It is hard to deny that the time loop film is a story done to death. A quest to defeat fate, change destiny or some such conveluted silliness. The fact that these stories keep emerging might mean we are suckers who keep taking in the same thing thinking it is something new or that it is a story worth telling over and over. Chronical 2067 firmly slots itself in the middle of this dilemma with a story that is both unoriginal and pleasantly surprising in many ways. Set on a dying Earth where synthetic oxygen has become a comodity in a world unable to sustain human life without it. When a message from the future meant for unremarkable Ethan (Kodi Smitt-McPhee) offers a chance at salvation he finds himself on a possibly one way trip to the future. Directed by Seth Larney and shot on a meager budget, Chronical makes up for its heavy handed and played out narrative about human self-destruction with a world design to be expected from big budget films. Cleverly telling a far reaching tale on a limited set turns this science-fiction tale into a two man morality play with Ethan joined on his adventure by best friend and survivor Jude (Ryan Kwanten). It is in the moments that Larney (who also wrote the screenplay) settles into this new world and the two conflicting trains of thought affecting these two friends that this tale feels relateable because when Ethan and Jude are talking for the whole human race instead of what is personal, Chronical spins its wheels.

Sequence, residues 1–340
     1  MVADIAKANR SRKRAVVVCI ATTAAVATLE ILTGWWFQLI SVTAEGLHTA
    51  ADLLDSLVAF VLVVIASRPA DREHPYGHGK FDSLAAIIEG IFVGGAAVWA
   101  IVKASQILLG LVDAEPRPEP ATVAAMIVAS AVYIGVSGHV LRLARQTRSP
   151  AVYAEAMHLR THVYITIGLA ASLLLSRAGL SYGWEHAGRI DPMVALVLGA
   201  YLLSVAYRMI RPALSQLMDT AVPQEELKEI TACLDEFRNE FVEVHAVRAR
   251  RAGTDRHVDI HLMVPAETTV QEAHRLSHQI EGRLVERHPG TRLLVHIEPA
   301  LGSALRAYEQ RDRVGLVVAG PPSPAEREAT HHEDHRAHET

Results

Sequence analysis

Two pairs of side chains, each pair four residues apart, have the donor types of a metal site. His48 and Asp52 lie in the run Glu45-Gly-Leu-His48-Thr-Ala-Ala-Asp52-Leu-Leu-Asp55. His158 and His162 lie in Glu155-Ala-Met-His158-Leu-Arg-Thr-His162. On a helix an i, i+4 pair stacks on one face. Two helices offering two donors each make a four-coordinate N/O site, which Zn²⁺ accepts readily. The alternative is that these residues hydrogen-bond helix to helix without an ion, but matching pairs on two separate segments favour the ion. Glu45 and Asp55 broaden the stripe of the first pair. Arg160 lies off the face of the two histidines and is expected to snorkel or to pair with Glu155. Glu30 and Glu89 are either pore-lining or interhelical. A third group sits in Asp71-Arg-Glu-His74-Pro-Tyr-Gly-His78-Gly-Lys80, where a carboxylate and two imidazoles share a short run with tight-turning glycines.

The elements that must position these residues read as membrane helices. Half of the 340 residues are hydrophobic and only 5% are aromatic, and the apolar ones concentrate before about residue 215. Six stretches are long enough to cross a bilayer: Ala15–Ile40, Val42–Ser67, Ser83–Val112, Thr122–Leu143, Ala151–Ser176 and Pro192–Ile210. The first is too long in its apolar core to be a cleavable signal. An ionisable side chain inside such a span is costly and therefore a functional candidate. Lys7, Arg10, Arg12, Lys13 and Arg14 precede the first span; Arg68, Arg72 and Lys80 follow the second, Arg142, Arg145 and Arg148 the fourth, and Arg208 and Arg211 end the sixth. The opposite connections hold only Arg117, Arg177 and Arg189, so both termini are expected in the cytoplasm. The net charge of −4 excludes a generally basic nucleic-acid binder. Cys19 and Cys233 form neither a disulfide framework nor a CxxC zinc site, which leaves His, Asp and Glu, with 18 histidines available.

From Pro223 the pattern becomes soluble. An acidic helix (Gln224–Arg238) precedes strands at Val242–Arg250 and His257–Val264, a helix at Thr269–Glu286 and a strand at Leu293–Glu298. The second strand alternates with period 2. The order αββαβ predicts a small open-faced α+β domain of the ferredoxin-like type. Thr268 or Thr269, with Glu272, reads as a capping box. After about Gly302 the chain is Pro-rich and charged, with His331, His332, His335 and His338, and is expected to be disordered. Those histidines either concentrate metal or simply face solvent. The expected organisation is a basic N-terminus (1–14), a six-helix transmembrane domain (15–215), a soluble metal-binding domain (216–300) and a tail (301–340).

While McPhee gives his all here, Kwanten is the standout, a mesh of untapped rage and psychosis that adds a needed tension to an up until his arrival, case of the week episode of a low budget sci-fi show akin to any of the Stargate series. While Chronical wants to feel like a story about the effects of family and people in a grand narrative, it works best when it deals in vague concepts, not because the story isn’t entertaining but it allows for viewer input. Chronical introduces a debate and ultimately more fun can be had here entering into it instead of feeding off the low budget futuristic trappings that peak your interests at first. The film works because Kwanten and McPhee give their all to a stark but well realised world and a story that feels more like a heated debate. While some will be disappointed with an ending that seems too simplistic and a tale that lacked much outside of the same repeating sets, but as small intimate science fiction goes, Chronical is well realised future worth exploring.